4 Replies Latest reply on Jun 30, 2011 6:47 AM by tpk1982

    Attempting to create a GREP Style

    Prismatus

      I'm trying to make a GREP style for one of my paragraph styles, that will take the text from the beginning of a line until a colon and set a character style to it to bold that part.

       

      Example:

       

      Step 1: Take bread

      Step 2: Take peanut butter

      Step 3: Spread peanut butter on bread

       

      I don't think I've been getting the syntax right.  I've put ^\:~h and ^:~h into the 'to text' box, thinking this meant "Beginning of line until the character ':' and end" but neither of those have given me the results I want.  Thanks in advance for the help!

        • 1. Re: Attempting to create a GREP Style
          [Jongware] Most Valuable Participant

          Your try:

           

          ^\:~h

           

          1. You don't need to escape the colon. It's one of the few characters that don't need escaping to make them literal. (It doesn't hurt, mind you, but cleanliness etc.)

          2. You don't need the ~h  -- You'd only need that if you want to scan up to a manually "End Nested Style Here" code.

          3. You DO need to allow for a couple of characters between the start of the line and the colon. You can either use the 'any at all' wildcard (and use Shortest Match, because otherwise it will gobble up everything until the very last colon):

           

          ^.+?:

           

          or Be Literal, and only allow for "Step" and a single digit:

           

          ^Step \d:

           

          Either one will work for you.

          • 2. Re: Attempting to create a GREP Style
            Prismatus Level 1

            Your response worked for me.  I had tried using a wildcard before the ones I posted, but only put the . in, assuming it would cover more than just one character.  I assume the +? covers all characters until the colon shows up, yes?

             

            I also like the be literal part, but I was wondering what you would have instead of \d if you had more than nine steps, or if you had substeps (1a, 1b, etc.).

            • 3. Re: Attempting to create a GREP Style
              [Jongware] Most Valuable Participant

              Prismatus wrote:

               

              Your response worked for me.  I had tried using a wildcard before the ones I posted, but only put the . in, assuming it would cover more than just one character.  I assume the +? covers all characters until the colon shows up, yes?

               

              No, it's slightly more complicated than that (sorry!). By default, GREP is Greedy -- that means, if you use this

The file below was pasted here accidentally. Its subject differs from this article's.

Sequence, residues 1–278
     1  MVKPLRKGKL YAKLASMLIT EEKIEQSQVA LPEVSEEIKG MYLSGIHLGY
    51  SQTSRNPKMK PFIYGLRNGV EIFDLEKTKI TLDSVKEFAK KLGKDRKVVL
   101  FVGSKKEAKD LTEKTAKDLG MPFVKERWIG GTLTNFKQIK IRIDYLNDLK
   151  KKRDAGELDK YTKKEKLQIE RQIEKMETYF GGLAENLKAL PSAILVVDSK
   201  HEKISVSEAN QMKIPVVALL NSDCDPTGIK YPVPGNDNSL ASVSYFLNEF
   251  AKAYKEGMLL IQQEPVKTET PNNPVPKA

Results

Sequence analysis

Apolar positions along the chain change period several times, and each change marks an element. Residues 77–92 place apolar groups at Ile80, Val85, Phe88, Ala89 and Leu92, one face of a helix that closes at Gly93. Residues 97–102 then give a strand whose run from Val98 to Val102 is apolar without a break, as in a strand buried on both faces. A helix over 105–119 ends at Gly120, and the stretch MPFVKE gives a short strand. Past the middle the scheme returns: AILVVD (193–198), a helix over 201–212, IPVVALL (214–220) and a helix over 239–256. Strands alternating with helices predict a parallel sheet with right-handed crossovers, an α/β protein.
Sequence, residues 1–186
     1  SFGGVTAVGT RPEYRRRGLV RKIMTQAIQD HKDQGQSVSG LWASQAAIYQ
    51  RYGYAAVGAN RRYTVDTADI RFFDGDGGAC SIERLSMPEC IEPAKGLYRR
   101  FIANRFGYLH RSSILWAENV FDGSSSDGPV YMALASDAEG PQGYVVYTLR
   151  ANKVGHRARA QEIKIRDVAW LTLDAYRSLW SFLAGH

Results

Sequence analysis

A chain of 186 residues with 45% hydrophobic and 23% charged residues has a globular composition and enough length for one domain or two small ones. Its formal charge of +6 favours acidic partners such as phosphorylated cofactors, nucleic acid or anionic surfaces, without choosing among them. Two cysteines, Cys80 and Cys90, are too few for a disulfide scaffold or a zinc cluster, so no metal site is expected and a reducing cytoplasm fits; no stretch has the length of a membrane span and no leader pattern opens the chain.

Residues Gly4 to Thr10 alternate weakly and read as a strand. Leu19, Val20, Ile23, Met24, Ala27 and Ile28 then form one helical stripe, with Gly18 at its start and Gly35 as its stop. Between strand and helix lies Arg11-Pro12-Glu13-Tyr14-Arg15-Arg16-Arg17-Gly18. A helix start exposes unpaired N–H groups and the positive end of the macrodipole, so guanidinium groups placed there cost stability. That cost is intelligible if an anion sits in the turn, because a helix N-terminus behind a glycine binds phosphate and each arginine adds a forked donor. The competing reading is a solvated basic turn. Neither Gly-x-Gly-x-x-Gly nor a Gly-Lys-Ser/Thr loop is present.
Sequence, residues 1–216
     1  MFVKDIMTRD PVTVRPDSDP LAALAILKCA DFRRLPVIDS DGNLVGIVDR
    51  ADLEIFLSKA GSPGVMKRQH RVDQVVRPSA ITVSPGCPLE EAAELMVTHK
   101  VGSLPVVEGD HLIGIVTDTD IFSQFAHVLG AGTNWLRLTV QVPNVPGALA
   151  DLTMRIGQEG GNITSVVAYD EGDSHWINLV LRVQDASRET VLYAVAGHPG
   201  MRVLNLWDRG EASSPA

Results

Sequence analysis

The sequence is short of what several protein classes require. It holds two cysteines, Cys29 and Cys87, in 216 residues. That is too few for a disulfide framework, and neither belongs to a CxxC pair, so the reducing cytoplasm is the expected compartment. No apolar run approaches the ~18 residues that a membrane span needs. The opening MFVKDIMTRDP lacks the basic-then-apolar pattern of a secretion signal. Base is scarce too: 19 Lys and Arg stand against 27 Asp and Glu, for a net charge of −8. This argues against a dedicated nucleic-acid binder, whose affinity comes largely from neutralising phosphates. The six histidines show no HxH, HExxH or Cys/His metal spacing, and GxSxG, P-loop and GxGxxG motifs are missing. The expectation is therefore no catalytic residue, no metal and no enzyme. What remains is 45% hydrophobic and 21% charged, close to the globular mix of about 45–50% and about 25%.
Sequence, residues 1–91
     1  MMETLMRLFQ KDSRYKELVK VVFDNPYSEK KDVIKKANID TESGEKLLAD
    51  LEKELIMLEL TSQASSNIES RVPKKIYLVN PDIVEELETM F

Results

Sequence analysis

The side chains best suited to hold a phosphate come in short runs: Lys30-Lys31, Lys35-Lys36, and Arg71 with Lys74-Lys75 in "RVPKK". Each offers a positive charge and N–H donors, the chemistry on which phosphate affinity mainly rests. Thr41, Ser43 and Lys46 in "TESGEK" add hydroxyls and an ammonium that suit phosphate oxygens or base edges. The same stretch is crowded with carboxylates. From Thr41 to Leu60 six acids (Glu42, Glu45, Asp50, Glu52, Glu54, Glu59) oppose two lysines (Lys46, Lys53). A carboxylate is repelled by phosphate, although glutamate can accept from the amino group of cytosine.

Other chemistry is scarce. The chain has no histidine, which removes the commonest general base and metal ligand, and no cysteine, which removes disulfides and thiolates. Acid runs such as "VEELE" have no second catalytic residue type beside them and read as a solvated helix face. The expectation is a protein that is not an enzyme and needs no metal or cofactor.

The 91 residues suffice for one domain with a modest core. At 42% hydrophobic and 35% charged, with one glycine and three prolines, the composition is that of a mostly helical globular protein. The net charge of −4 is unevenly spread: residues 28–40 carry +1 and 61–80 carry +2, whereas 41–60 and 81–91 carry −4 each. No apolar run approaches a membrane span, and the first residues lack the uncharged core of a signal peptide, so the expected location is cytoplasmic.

^.+:

               

              GREP will think that the Any Character wildcard may be repeated as much as possible (that's the '+') before it needs to match the colon. What this means is that it will work just as you expected for

               

              Step 1: This is a single line.

               

              but will go out of its mind with this

               

              Step 2: what will happen now? Well, contrary to what you were expecting, the entire line will be marked bold, all because everything up to the very last : will be matched!

               

              The bold bits accurately shows what happens! Another example would be this:

               

              \d+

               

              which for a string of "123" will not match just the first digit, then the second, then the third, but all of them in a single long go. By default, GREP will grab as much as it possibly can.

              Adding a question mark behind the "Repeat Me" character reverts this behavior to Non-Greedy behavior, and as such GREP will match as little as humanly possible:

               

              \d+?

               

              will then match just the "1" in "123".

               

              Prismatus wrote:

              I also like the be literal part, but I was wondering what you would have instead of \d if you had more than nine steps, or if you had substeps (1a, 1b, etc.).

               

              That's just a case of adding more specifiers. To match one or more digits, you need this:

               

              ^Step \d+:

               

              The '+', again, will allow a repetition of the "digit" code. In this case you don't have to add a question mark, because there is no way this could run out of control; first, it will only match digits, and second, these digits must be followed by a colon.

              And if you may or may not have a single lowercase character following the digit (but still before the colon), you'd use the Any Lowercase Character code and the Zero or Once repetition specifier:

               

              ^Step \d+\l?:

               

              (that's a lowercase ell.) You see the question mark meaning Something Entirely Different here? It's only a Non-Greedy marker when immediately following another repetition code, one of these

               

              * (zero or more)

              + (once or more)

              ? (zero or once)

              {4,8} (or any other set of numbers -- this is at least 4 and at most 8 times)

               

              Uh, by the way, that makes this

               

              abc??

               

              a valid GREP. It will match "ab" or "abc", and then always select the shortest possible match of these two, which is then the "ab" one. ... Uh. I'm pretty sure this may be useful, some time in the future.

              1 person found this helpful
              • 4. Re: Attempting to create a GREP Style
                tpk1982 Level 4

                Why don't you use nested styles for this one??????